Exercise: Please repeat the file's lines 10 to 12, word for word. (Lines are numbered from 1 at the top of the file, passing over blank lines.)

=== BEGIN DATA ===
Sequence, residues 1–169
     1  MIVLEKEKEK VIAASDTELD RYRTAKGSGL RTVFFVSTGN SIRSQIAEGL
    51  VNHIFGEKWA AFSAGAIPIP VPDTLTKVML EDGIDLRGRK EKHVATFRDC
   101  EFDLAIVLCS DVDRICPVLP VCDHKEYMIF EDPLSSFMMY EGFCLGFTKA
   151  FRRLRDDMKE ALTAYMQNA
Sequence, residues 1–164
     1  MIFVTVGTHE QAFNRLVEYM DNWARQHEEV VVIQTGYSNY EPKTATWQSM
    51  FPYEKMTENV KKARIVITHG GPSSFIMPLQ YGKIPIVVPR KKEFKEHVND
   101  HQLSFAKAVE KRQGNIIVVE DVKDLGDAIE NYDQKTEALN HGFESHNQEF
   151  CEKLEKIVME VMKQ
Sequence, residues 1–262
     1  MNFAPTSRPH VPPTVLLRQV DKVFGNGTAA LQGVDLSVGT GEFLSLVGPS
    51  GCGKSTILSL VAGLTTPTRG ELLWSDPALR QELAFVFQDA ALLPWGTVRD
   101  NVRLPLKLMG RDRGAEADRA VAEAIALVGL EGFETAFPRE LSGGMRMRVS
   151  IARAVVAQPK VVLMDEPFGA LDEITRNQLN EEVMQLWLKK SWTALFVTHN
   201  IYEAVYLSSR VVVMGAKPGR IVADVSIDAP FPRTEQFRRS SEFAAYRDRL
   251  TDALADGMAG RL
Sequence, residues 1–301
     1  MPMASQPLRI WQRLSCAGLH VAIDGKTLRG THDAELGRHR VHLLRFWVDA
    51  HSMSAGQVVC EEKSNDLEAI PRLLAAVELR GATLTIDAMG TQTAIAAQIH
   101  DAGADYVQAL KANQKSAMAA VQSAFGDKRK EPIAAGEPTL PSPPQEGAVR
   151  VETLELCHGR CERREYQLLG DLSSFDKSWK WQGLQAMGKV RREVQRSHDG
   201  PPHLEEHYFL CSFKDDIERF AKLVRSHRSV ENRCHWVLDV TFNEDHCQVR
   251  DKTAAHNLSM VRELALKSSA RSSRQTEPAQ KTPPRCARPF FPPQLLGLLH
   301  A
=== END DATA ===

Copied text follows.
   151  CEKLEKIVME VMKQ
Sequence, residues 1–262
     1  MNFAPTSRPH VPPTVLLRQV DKVFGNGTAA LQGVDLSVGT GEFLSLVGPS